House Judiciary Committee Chairman Jerrold Nadler is threatening to subpoena Acting Attorney General Matthew Whitaker, despite the Justice Department leader already agreeing to appear before the panel.
Nadler, D-N.Y., originally invited Whitaker to appear before the committee for an open hearing scheduled for Friday. A Justice Department spokesperson told Fox News on Tuesday that Whitaker had, in fact, accepted Nadler’s invitation to testify in public.
But, while making clear he does not want to have to compel Whitaker's testimony, Nadler said he would hold a vote on Thursday to authorize a subpoena -- just in case he doesn’t show up for his hearing the following day.
“In an abundance of caution—to ensure that Mr. Whitaker both appears in the hearing room on Friday morning and answers our questions cleanly—I have asked the Committee to authorize me to issue a subpoena to compel his testimony,” Nadler said in a statement Tuesday. “To be clear, I hope never to use this subpoena.”
Nadler explained that Democrats on the committee “weeks ago” gave Whitaker a list of questions they hoped he’d answer regarding his communications with the White House and his decision not to recuse himself from oversight of Special Counsel Robert Mueller’s investigation.
“If he appears on time and ready to answer those questions, the subpoena will be entirely unnecessary,” Nadler said.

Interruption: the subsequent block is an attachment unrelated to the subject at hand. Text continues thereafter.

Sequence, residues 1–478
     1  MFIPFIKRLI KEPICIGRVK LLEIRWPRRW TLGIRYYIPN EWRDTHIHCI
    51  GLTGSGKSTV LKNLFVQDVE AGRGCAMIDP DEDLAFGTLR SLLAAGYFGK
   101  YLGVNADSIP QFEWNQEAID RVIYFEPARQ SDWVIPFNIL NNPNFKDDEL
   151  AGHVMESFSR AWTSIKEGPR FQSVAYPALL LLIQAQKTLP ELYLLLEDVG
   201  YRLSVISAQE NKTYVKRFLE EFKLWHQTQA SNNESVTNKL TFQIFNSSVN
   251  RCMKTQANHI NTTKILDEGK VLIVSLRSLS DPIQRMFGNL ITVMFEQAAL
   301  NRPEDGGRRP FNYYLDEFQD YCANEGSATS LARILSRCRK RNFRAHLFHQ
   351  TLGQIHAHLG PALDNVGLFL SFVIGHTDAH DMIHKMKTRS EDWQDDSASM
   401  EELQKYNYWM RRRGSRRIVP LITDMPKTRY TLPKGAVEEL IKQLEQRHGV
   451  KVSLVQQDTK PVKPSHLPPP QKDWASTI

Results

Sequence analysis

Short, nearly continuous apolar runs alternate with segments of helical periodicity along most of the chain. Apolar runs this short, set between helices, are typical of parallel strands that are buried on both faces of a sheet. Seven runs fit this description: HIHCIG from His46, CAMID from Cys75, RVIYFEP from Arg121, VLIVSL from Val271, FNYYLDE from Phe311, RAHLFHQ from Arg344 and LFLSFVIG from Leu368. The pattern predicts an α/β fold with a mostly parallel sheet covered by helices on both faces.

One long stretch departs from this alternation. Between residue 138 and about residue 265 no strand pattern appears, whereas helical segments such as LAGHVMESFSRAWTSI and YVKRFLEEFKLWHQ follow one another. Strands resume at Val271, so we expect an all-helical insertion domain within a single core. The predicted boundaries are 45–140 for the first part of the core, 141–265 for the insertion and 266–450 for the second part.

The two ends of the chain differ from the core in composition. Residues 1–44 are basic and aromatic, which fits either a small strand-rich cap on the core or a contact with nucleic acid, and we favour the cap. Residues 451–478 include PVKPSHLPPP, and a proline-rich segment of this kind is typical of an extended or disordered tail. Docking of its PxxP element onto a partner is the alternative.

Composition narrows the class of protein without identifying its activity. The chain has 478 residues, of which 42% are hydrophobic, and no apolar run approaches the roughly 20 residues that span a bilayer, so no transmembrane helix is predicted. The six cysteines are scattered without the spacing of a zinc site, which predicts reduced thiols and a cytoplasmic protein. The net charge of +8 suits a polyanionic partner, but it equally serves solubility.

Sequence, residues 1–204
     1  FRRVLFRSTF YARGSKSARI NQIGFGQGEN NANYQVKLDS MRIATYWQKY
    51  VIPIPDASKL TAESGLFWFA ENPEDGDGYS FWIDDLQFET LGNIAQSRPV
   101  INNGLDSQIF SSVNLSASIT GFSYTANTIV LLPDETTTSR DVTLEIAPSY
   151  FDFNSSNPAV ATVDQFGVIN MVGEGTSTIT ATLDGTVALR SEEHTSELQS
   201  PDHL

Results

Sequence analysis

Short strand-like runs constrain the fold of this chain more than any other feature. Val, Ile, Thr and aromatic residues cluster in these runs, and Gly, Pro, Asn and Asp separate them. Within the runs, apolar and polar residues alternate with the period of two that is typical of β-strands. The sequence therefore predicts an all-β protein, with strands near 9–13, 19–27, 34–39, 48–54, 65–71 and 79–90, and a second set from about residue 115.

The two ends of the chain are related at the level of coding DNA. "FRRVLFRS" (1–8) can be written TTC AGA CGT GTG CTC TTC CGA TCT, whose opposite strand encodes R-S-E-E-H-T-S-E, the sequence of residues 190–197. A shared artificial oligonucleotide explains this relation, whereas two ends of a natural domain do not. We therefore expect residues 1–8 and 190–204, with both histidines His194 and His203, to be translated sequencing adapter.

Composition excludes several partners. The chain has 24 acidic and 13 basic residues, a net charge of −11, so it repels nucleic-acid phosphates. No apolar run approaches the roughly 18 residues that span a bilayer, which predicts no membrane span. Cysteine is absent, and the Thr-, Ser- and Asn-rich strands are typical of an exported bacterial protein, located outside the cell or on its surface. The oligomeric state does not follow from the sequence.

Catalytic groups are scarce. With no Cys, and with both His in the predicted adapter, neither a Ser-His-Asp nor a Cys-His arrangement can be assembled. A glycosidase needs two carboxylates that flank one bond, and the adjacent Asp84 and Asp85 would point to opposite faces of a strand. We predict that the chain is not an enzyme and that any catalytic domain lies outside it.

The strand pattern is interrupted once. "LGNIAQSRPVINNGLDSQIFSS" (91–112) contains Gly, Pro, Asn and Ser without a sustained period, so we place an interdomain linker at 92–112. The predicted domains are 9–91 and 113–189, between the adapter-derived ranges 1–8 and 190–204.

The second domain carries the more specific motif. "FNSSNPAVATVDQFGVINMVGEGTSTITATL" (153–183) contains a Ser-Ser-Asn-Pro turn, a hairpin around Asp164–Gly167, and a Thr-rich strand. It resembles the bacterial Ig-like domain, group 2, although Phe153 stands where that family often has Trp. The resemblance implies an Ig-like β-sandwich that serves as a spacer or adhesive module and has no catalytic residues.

But the top Republican on the committee, Rep. Doug Collins, R-Ga., criticized the chairman for “setting a dangerous precedent.”
“When did we start subpoenaing witnesses who come in voluntarily?” Collins told Fox News on Tuesday. “The majority had enough faith in its witnesses last week not to subpoena them. The key difference today is simply that this witness is part of the Trump Administration—and now we’re setting a dangerous precedent.”
He added: “The message to witnesses here is, if you make the time and effort to appear of your own accord, Democrats are going to subpoena you anyway.”
Whitaker’s expected testimony comes as the Senate is close to confirming President Trump’s nominee for attorney general, William Barr. The president fired his first attorney general, Jeff Sessions, the day after the 2018 midterm elections. Prior to Whitaker’s appointment as acting attorney general, Deputy Attorney General Rod Rosenstein oversaw the Russia investigation.
But Nadler has criticized Whitaker for not recusing himself from the Mueller probe, as Sessions did due to his involvement with the Trump campaign in 2016, as Whitaker has made comments criticizing the investigation.
The hearing will be the committee’s first major oversight hearing looking at the Justice Department of this Congress. Whitaker told reporters last week that Mueller’s probe was “close to being completed,” the first official sign that the investigation may be nearing an end. His comments were a departure for the Justice Department, which rarely comments on the status of investigations. Whitaker, though, said he had been “fully briefed” on the probe.
Fox News' Sally Persons and The Associated Press contributed to this report.